Powerpoint slides from my presentation at “Food Security, Culture and Urban Development in the Context of Vancouver’s Chinatown” can be accessed here.
At long last, – the Chinatown Sound Map is finally here! You can check out the results from this project by visiting www.chinatownsoundmap.com or by clicking the image below.
Thoughts, reflections & questions
Looking back, this project has come a long way since its conception last May. Through the generous support of various community partners, the Chinatown Sound Mapping Project has grown (and hopefully will continue to grow) in new and exciting directions.
After spending my time weaving through the streets of Chinatown with an audio recorder last summer, I had the opportunity to host a series of sound mapping workshops in the fall. These workshops enabled greater community participation in the project by providing a space for participants to contribute to the sound mapping of Chinatown. By bringing participants out into the streets of Chinatown, these workshops reimagined everyday spaces in the neighbourhood as a site for critical reflection and learning. For example, as one workshop participant demonstrates, paying attention to the different sounds in Chinatown can be a way for us to consider the power dynamics that play out in space and place.
The sound mapping workshops also provided participants with the opportunity to engage with those who live and work within the neighbourhood. One of my favourite moments was when several workshop participants and I stumbled upon the ULAM Filipino Cuisine pop up and got to know Josie, a local Chinatown resident, over a delicious bowl of lugow.
Listening to the recordings I’ve captured, a pattern appears to emerge from the sounds and places that are represented on the sound map. For various reasons, these sounds felt important to document. The cheeky interaction between a grandmother and her grandson at the grocery store brought back a wave of mischievous childhood memories, and demonstrates to me how Chinatown still an intergenerational community space, a place where memories and relationships continue to be made. Evidently, certain sounds can enrich our experiences and enable us to connect to a place by evoking memory and emotion; other sounds may not. While our different interpretations of sound will inform our particular understandings of what Chinatown is/what it could be, my hope is that this project demonstrates how Chinatown is still a vibrant community, – living, breathing and dynamic.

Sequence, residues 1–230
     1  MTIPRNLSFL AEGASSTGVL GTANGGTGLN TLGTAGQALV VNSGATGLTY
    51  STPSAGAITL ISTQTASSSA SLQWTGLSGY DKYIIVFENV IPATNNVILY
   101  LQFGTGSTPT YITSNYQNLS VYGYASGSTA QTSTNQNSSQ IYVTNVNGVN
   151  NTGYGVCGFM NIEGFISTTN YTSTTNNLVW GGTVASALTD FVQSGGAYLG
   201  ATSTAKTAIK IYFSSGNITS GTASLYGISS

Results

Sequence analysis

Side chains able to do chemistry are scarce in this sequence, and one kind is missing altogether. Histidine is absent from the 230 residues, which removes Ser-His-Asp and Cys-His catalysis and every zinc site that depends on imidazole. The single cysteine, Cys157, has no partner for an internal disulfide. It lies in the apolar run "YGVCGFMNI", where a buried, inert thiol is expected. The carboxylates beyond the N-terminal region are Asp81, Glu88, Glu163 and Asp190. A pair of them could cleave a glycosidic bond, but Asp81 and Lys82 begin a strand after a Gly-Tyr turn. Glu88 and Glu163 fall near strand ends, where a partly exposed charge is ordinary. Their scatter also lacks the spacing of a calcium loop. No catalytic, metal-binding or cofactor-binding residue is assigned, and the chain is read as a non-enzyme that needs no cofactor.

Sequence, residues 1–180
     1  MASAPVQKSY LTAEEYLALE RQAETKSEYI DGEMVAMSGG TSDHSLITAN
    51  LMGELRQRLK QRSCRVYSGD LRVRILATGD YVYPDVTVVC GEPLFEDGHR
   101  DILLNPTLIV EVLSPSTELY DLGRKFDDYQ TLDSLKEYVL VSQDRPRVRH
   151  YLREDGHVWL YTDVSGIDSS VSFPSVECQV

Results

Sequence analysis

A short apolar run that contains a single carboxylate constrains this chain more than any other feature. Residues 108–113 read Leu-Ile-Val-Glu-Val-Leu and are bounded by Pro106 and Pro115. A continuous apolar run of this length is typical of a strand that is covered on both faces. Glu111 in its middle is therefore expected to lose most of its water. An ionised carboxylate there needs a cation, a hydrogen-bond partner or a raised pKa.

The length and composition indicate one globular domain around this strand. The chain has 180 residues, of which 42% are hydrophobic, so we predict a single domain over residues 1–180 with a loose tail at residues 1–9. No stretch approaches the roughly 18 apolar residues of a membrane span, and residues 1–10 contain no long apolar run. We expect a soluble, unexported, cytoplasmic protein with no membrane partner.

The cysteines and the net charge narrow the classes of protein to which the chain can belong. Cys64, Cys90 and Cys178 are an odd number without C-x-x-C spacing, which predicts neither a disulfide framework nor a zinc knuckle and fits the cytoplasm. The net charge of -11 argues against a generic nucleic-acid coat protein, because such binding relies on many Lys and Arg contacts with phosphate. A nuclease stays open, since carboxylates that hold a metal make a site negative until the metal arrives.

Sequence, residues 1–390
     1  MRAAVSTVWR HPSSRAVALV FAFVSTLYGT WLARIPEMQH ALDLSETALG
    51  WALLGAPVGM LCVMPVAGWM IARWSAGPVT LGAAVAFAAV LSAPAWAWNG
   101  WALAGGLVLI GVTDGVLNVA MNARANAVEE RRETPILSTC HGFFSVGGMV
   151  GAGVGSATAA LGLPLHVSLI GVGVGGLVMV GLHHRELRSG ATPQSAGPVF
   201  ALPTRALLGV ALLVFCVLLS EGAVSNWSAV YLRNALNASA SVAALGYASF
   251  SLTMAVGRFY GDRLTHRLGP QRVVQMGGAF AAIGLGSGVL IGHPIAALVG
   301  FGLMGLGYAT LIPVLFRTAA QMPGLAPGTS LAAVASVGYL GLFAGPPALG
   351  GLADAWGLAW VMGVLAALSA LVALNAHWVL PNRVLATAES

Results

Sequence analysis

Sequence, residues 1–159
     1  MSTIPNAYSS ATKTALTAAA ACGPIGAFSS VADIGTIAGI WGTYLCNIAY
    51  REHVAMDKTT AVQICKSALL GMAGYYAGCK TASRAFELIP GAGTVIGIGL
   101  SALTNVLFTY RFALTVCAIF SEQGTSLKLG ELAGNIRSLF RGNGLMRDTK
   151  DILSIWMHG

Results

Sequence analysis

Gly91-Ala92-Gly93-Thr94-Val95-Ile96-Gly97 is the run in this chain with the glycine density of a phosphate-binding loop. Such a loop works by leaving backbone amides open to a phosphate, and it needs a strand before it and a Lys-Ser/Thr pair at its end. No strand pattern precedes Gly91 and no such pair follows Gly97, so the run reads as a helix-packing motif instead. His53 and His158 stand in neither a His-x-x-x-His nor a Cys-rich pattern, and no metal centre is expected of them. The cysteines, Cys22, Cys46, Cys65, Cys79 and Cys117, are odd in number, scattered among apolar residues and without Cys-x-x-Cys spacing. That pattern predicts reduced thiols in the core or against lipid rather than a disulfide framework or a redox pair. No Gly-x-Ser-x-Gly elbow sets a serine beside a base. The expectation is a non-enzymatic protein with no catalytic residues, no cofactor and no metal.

With that in mind, it would be impossible to engage in a project in Chinatown without noticing the rapid changes that are being experienced by the neighbourhood. This project sought to visualize the impact of these changes by examining the soundscapes of Chinatown. For example, consider the following two recordings. How might these sounds be experienced differently depending on our particular social locations? Who has the social and economic capital that would allow them to navigate comfortably through different places in the neighbourhood? What might this say about the changes that are happening in Chinatown, and who is or is not excluded?
Hopefully, by paying attention to the soundscapes of Chinatown, users can consider the role that sound plays in cultivating our particular sense of place. Many interpretations of Chinatown exist depending on the unique ways in which we connect (or don’t connect) with this neighbourhood. This can have a real and tangible impact on our ability to navigate through a place such as Chinatown. In taking a more critical approach to sound and place, how might we adopt a more nuanced perspective on the ways in which we live, work and play in relation to one another in the neighbourhood? What other lessons or insights can others draw from this project? I’m excited to find out!
It truly took a community effort to bring this project to life. The Chinatown Sound Mapping Project would not have been possible without the support of the following:
- UBC ACAM Community Projects Fund
- Louis Lapprend, Marion Jeandel (Chinatown Today)